At a press conference in Towson, state officials described the investigation that has led to four arrests following the death of a Baltimore County Police Officer, and the potential break down of the juvenile justice system that may have played a factor.
Officer Amy Caprio was killed while investigating a reported robbery in Perry Hall . After spotting a suspicious black Jeep potentially linked to the crime, she pursued it into a cul de sac. She exited her car and ordered the driver to leave the Jeep. The driver opened the door, then proceeded to run down Caprio.
“The door closed, and the car hit her, struck her, drove over her,” Baltimore County Police Chief Terry Sheridan said. “...Unfortunately we lost a police officer to a senseless act.”
The medical examiner ruled the death a homicide, with the cause of death being “multiple traumas to the head and torso,” Sheridan said. Despite early reports, Caprio did not suffer any gunshot wounds and no weapons were retrieved during the investigation.
Police developed a description of the suspect based on witness accounts and picked up the driver of the Jeep, 16-year-old Dawnta Harris, on Belair Road, Sheridan said. He was charged as an adult with first-degree murder.
Harris has multiple run ins with police and the juvenile justice system on his record and was charged as an adult with first degree murder. He was one of four juvenile suspects linked to the crime. All have since been found, but the three remaining suspects have yet to be charged.
“[Harris] did an act which impacts a family, a spouse, brothers and systems in law enforcement, the institution,“ Sheridan said in speaking of the charging rationale. ”That young man has done an act for which he should be treated as an adult.”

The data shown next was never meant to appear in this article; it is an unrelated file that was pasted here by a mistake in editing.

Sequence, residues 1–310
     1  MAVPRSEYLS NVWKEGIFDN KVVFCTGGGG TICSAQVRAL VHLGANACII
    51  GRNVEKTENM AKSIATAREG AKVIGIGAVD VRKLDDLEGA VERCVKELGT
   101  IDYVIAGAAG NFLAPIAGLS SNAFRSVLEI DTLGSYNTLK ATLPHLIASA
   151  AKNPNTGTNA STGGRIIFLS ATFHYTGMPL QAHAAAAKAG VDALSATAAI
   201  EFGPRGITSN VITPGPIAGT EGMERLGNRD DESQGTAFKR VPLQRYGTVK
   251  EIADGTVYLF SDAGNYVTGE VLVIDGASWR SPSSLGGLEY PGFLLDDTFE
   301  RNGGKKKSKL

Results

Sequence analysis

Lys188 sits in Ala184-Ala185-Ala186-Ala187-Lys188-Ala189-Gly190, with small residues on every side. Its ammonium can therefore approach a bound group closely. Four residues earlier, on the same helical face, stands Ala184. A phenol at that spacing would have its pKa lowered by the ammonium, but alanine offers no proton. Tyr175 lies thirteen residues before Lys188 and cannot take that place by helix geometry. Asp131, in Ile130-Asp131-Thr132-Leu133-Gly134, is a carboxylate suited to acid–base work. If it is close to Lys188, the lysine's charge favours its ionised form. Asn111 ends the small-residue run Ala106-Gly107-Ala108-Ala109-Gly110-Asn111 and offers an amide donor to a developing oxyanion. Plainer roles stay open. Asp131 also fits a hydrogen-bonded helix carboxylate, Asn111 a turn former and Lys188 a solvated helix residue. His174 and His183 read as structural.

“We plan on keeping him in the adult system,” said Baltimore County State's Attorney Scott D. Shellenberger. “The case that the police have already put together on him is very strong. I know they will work to collect even more evidence and make the case even better.”
Caprio was wearing a body camera, and the footage adds strength to the case against Harris, however Shellenberger is pushing to not release the footage, fearing it would taint a prospective jury pool when Harris eventually sees a court room.
“We recommended the video not be released in order to preserve the right to a jury trial,” Shellenberger said.
Among Harris' previous charges were four incidents of car theft. Maryland Secretary of Juvenile Services Sam Abed said Harris had been detained on April 17.
“There after on May 10 there was a hearing, that the department was not a party to, the youth was released back to the community on electric monitoring,” Abed said. “While on electronic monitoring between May 11 and May 18, his compliance was poor and we again requested the court violate Mr. Harris and that they bring him in on non-compliance. The hearing on May 18 resulted in a continuance and no order from the court.”